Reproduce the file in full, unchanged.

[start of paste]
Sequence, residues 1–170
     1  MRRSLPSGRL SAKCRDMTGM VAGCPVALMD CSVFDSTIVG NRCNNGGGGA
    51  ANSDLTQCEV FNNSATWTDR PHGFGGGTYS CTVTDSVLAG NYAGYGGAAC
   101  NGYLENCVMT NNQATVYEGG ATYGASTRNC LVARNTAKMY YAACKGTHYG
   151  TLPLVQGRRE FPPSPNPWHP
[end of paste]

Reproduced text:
Sequence, residues 1–170
     1  MRRSLPSGRL SAKCRDMTGM VAGCPVALMD CSVFDSTIVG NRCNNGGGGA
    51  ANSDLTQCEV FNNSATWTDR PHGFGGGTYS CTVTDSVLAG NYAGYGGAAC
   101  NGYLENCVMT NNQATVYEGG ATYGASTRNC LVARNTAKMY YAACKGTHYG
   151  TLPLVQGRRE FPPSPNPWHP